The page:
In Germany, citizens got drawn by the magnetism of power—a leader who established a cult and declared it a religion. This religion that is not a religion takes over organized religion, pushing out people who truly believe in God and loving their neighbor. It's like a virus. And what's left is a religion called "German Christians" which has zero to do with the Golden Rule or a Loving God, let alone mercy. And it happens step by carefully choreographed step:
- like judges here being appointed who'll do away with women's right to bodily autonomy;
- like election officials being replaced by people with loyalty to a party or doctrine rather than democratic elections;
- by having a so-called member of the fourth estate act as a propaganda machine;
- by enacting legislation to encourage people to spy on one another, investigate miscarriages, and prosecute anybody who may have broken the Christian Right's ban on abortion.
Unlike the USA, there was no established separation of church and state in Germany's former republic, however this allowed the Nazis to take over the customary teaching of religion in schools, substituting Nazi (aka "German Christian") doctrine and "Aryan blood theory" for Lutheran spiritual teaching—
- which sounds a lot like the book banning now happening in Florida and elsewhere.
"They are not teaching our boys to be Christians any more. [says one distraught mother] They are teaching them to worship the state, to worship the Fuehrer instead of God. They make fun of the Bible,' a woman with tear-smudged cheeks began. (180)"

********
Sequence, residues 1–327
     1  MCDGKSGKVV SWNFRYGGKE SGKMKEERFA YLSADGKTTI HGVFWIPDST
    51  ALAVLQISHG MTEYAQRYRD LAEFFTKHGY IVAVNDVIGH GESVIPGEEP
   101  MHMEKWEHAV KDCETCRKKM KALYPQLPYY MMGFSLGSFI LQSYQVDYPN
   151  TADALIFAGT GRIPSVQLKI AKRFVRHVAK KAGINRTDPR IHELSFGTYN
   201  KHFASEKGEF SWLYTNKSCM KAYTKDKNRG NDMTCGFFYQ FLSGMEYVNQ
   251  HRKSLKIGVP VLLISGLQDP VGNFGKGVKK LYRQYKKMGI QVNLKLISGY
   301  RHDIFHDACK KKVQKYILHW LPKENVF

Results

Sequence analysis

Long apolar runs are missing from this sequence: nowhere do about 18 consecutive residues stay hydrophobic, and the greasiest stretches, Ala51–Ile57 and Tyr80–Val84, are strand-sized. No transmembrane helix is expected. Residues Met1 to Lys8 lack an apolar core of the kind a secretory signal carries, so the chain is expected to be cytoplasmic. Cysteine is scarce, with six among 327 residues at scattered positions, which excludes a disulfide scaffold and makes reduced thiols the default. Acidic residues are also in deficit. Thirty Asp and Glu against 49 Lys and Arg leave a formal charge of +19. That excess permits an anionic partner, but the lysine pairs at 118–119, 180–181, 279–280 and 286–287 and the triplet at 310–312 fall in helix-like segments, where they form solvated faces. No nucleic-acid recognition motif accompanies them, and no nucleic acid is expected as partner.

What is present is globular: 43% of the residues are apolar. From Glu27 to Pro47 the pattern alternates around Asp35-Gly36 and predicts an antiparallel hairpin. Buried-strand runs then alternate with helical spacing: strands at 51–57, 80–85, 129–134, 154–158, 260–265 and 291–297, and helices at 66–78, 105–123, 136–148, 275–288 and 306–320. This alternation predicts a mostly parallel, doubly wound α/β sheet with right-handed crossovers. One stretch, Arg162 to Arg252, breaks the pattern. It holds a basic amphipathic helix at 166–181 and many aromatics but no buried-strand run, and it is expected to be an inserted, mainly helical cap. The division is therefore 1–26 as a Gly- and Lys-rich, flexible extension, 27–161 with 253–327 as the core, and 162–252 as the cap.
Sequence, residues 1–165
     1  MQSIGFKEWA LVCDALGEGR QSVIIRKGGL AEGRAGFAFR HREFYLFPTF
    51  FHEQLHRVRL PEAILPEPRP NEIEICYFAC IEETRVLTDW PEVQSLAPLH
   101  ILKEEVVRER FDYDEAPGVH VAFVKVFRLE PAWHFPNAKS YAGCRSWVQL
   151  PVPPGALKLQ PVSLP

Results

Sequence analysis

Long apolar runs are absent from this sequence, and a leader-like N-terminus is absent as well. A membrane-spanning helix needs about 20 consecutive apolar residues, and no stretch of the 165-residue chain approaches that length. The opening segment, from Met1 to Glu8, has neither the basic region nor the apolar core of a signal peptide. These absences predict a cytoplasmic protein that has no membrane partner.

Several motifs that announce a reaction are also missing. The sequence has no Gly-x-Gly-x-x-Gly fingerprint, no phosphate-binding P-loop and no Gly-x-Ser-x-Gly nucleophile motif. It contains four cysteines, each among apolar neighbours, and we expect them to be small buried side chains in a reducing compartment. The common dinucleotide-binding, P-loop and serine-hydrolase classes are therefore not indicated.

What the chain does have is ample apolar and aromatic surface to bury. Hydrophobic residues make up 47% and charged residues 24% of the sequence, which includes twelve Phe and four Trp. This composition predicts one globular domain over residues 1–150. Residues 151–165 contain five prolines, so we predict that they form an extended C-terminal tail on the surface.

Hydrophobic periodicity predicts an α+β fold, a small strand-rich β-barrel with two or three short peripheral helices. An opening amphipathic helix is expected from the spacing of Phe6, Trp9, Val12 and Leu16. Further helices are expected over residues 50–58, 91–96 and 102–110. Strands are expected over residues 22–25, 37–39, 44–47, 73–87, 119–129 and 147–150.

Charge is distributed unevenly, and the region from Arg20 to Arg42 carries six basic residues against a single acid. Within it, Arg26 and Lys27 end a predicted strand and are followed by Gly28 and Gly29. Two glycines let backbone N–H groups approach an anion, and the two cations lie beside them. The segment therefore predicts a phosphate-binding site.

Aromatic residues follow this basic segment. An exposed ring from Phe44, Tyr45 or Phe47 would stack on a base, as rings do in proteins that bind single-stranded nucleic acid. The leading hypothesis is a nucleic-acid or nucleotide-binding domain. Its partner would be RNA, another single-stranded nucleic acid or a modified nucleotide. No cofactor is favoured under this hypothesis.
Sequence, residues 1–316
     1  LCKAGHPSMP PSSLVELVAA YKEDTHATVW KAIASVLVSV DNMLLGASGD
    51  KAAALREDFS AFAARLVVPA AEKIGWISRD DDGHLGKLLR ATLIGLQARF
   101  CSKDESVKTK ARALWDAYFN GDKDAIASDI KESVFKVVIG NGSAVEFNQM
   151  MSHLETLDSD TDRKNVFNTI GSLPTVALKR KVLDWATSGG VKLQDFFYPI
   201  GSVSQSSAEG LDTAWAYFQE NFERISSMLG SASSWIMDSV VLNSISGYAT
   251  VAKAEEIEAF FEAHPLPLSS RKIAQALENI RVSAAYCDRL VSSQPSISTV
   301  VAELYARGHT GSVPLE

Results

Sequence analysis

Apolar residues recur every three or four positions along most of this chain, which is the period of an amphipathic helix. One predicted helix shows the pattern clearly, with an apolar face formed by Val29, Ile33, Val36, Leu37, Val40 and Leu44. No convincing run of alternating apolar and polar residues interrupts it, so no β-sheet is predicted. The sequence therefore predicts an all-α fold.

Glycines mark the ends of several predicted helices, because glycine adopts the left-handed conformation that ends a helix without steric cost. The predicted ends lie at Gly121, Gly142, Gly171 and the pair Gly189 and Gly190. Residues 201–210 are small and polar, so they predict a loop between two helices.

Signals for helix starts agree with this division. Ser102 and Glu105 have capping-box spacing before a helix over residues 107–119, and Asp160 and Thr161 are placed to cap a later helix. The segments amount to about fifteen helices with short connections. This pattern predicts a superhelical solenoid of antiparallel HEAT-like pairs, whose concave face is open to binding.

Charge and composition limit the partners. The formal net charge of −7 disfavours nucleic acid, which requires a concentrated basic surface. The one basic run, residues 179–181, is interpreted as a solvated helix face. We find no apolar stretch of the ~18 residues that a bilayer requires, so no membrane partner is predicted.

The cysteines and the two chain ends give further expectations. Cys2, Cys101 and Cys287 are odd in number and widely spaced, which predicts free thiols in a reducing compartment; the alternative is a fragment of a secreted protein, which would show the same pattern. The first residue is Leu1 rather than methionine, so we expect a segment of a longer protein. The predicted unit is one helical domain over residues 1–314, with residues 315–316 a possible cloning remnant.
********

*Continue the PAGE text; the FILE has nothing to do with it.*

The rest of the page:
But nothing is as it seems.
It is really all about power, not about beliefs. But people who believe are pulled into it; so are people who feel lost or victimized or disparaged. And those who merely go about their lives, ignoring the whole thing, oblivious to what is happening on what seems to them to be the edges of their comfort, don't have a chance.
People with a church background will have a much easier time with this novel than I did and perhaps appreciate more of the intricacies of the Lutheran resistance to what happened. But if you can't get into anything religious, I hope that, through this little review, you can still hear and heed the warning and message this book has for this moment in American history:
We must vote in huge numbers to protect the separation of church and state. Ignoring this virus is not an option if we want to keep democracy as we've known it.
I live in New York State where our representatives overwhelmingly support democracy, but I intend to try to affect the larger republic through participation in an organization called Vote Forward—sending nonpartisan letters to sluggish registered voters in states with upcoming midterm elections, simply stating why voting is important to me.